The law requires that before the state can issue a permit for mining of sulfide ore bodies, prospective miners must first provide an example of where a metallic sulfide mine in the United States or Canada has not polluted surface or groundwater during or after mining. So far, the industry has not been able to find a single example where they have mined without polluting water. A recent study of metallic sulfide regulation in the Great Lakes region by the National Wildlife Federation called Wisconsin’s "Prove it First" regulation an exemplary law.

Tim Sullivan, chairman of the Wisconsin Mining Association, is leading the effort to repeal the law. Sullivan is the governor’s special assistant for business and workforce development and a past director of the National Mining Association. He is a former president, CEO and director of Bucyrus International, the largest mining machinery company in the world, now owned by Caterpillar Corporation. He recently told a Wisconsin Senate Mining Committee that Wisconsin’s Mining Moratorium was an obstacle to new sulfide mine proposals, including Aquila Resources’ gold and copper sulfide deposits in Marathon and Taylor counties in north central Wisconsin.

Mining lobbyists have cited the "success" of the partially-reclaimed Flambeau metallic sulfide mine in Ladysmith, Wisconsin, which Kennecott/Rio Tinto operated from 1993-97, as a reason for repealing "Prove it First" legislation. However, there is no scientific evidence to support such claims.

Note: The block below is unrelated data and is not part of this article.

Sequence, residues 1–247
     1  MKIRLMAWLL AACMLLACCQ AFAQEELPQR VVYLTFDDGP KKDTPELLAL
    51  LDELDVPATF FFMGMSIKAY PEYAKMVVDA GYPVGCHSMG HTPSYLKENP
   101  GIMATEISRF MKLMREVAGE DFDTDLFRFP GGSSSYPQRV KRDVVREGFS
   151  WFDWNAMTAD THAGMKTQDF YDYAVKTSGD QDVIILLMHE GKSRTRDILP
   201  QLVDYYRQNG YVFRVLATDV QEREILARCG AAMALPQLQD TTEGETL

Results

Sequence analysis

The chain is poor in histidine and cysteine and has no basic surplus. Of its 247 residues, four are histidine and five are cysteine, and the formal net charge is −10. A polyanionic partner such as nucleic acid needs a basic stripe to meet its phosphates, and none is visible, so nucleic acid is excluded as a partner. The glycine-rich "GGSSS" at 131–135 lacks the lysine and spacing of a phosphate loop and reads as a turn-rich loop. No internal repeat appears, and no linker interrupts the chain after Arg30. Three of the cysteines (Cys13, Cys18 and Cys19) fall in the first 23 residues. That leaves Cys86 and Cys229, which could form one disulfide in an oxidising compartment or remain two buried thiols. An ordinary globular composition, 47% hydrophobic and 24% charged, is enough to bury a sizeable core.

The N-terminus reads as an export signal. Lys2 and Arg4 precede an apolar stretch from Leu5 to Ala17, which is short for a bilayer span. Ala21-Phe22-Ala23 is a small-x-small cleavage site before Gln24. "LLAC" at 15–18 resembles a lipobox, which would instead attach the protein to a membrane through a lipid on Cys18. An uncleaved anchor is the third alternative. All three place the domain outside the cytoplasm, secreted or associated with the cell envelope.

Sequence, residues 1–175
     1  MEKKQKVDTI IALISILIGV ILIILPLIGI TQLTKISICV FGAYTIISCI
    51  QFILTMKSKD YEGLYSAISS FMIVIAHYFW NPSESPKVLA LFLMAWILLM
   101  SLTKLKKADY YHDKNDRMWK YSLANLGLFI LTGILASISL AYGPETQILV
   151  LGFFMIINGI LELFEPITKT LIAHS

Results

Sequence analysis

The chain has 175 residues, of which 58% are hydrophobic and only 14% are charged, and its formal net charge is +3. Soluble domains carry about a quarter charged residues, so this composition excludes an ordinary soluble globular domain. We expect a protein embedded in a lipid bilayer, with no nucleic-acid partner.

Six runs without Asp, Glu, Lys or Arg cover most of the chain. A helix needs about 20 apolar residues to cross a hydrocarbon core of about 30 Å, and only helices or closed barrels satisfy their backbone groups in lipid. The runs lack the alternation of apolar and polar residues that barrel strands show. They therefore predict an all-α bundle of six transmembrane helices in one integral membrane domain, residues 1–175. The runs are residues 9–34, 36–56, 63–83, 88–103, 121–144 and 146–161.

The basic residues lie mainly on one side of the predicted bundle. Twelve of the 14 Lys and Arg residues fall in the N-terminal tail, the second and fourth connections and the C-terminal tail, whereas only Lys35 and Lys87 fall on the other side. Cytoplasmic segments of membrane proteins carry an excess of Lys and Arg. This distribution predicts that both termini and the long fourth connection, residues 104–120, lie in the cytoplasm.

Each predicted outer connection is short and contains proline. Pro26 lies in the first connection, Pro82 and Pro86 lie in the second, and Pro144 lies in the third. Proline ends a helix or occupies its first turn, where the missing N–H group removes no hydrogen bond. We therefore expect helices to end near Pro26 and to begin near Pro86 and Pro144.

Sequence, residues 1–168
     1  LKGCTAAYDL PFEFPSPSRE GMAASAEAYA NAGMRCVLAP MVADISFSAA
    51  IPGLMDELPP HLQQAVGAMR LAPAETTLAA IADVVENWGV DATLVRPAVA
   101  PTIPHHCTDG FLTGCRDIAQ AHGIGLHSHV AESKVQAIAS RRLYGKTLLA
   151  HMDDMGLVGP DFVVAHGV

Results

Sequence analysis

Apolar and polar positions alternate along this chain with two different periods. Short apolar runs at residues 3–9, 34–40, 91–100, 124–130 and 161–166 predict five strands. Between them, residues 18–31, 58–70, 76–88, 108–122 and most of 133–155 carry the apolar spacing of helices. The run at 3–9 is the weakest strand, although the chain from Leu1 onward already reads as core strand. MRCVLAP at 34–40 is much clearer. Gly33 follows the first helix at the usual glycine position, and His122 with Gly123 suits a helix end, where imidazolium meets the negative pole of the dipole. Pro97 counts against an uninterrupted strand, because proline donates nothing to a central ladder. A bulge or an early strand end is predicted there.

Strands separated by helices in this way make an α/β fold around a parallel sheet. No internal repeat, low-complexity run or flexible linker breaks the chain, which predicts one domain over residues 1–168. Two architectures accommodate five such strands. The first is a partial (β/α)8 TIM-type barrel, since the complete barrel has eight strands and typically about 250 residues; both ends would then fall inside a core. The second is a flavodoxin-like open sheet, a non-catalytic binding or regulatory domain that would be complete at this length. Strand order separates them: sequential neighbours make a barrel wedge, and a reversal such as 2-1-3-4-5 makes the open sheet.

The Wisconsin Department of Natural Resources (DNR) recently completed an investigation of water quality at the Flambeau Mine site and recommended that "Stream C," a tributary of the Flambeau River into which Flambeau Mining Company (FMC) has been discharging polluted runoff from the mine site since 1999, be included on its list of "impaired waters" for 2012 for "acute aquatic toxicity" caused by copper and zinc. These illegal discharges of toxic metals are why U.S. District Judge Barbara Crabb recently ruled that FMC violated the Clean Water Act on numerous counts.